Curious what the negatives that I over or under exposed would look like, this one was done at the proper exposure (relatively) and seemed to scan OK after some tweaking though, my scanner software always auto-does it and with anything that's abnormal (like the pink streak from light refraction off the ANR glass) it totally throws it off. This was fun!
     
  7. StoneNYC

    StoneNYC Subscriber

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    OK that stupid pink line was driving me crazy, so I opened up phtoshop for the first time in ... oh God .... 8 months? and then had to figure out all over again how to do anything... and I got rid of the pink line.... poorly at that... hah! and now the blurriness bugs me, but at least the pink isn't there...

    FP100Cneg-ClroxBlch-2400001-2.jpg
     
  8. jcoldslabs

    jcoldslabs Member

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    Thanks all for the kind words.

    I learned the hard way that this process seems to work best when performed shortly after exposure. Last year I shot some FP-100C and somehow misplaced the negatives before I could bleach and rinse them. When I found them after a few months bleaching off the black backing was no problem, but the emulsion side was covered in white flaky dots that I could not remove either by rinsing or re-soaking the negatives. I assume this was the developing reagent goop that had dried up on the surface. Sadly, there was no rescuing these negs. (See example below.) Has this been true for anyone else, that waiting too long before rinsing results in emulsion damage?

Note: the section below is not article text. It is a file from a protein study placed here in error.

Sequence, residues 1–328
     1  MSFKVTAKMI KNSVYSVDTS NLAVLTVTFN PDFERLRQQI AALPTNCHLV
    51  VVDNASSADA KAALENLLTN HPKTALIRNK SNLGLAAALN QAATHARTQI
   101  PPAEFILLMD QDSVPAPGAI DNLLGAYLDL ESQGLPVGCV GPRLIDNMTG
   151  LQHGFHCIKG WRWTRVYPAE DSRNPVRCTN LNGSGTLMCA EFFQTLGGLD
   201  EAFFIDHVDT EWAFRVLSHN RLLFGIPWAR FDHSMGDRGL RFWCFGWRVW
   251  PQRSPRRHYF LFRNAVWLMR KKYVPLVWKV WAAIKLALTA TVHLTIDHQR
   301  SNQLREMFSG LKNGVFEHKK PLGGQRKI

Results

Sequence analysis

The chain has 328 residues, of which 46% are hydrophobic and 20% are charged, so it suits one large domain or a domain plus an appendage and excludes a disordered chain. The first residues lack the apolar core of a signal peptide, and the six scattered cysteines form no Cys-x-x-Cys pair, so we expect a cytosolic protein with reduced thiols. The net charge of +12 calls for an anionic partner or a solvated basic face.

[​IMG]

    Jonathan
     
  9. analoguey

    analoguey Member

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    I have saved up a few to get the negatives out later - I was just gonna use regular bleach that is used for washing - I presume that's not a good one anymore? Jonathan - that looks bad! Wondering if my negatives are toast too!